A trust is a legal document created for the benefit of your designated beneficiaries. Two types of trusts, revocable and irrevocable, serve different purposes including avoiding probate, reducing taxes, keeping information private, but probably the greatest benefit of a trust, is that it gives you peace of mind knowing that you have provided for your family members and others exactly the way you want to.
One of the greatest advantages of adding one or more trusts to your estate plan is you can amend any […]
Thinking about incapacitation is rarely pleasant, but preparing for the unexpected is a necessity. If you fail to plan properly for potential incapacitation, it is possible that the courts or well-meaning family members may interfere with your wishes. Thus, you run the risk of everybody not acting in accordance with your desires.
Managing large sums of money and property ownership can be difficult. In the case of sisters Rosalyn and Sarah, a divorce settlement turned into a difficult legal situation before an irrevocable trust arrangement saved the day.
Many Americans believe that an estate plan consists of nothing but a will. While it is possible for some persons to benefit from simple wills, most people would benefit from a more complex estate plan to better suit their financial wants and needs.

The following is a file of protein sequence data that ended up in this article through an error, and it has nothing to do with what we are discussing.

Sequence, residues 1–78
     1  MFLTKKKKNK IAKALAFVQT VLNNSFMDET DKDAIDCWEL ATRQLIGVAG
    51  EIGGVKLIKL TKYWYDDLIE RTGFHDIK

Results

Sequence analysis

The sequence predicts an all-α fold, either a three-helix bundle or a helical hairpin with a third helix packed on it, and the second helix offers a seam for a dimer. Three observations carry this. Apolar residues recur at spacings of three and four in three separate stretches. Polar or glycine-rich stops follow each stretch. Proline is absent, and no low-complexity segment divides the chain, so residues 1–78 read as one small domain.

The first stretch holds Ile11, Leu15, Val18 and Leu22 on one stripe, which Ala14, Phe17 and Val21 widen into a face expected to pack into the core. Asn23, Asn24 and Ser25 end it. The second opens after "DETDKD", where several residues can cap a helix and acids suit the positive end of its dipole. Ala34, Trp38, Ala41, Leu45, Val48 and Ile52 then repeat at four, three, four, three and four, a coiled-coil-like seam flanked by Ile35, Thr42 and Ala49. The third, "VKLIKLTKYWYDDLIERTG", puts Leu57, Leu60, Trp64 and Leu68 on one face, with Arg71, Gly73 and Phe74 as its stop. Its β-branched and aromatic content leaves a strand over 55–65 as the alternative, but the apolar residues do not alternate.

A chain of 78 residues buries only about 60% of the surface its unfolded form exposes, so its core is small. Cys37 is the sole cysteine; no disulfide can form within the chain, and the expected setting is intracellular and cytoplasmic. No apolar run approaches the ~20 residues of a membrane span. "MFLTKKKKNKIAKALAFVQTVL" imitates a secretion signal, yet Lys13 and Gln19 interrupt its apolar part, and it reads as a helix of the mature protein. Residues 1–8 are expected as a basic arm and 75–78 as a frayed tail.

Rest assured that you are not expected to get to work as the executor or trustee of a living trust the day after your loved one dies. Keep in mind that most tasks related to a person's estate are not actual emergencies and you can take the time you need to grieve. You will have space to make plans for memorial services and other related events.
Living trusts are a solid cornerstone to any estate plan, along with the traditional last will and testament. However, there are two main types of living trust: revocable and irrevocable. Both of these have different uses and different places in your estate plan.
Savvy estate planners know that revocable living trusts are a cornerstone of any comprehensive estate plan. However, knowing exactly what to put in the estate plan can be a challenge.
For the majority of Americans, the most expensive item they will ever buy is a home. Thus, it comes as no surprise that properties tend to be a linchpin concerning estate plans. It is important that you weave your estate throughout your home buying process to ensure that you are well-placed in terms of taxation and inheritance.
There are multiple approaches that you can take when it comes to managing money. Some Americans are simply looking for ways to organize their assets so as not to confuse their heirs. Others wish to help their heirs avoid conflict, and others are seeking to devise clever tax-avoidance strategies.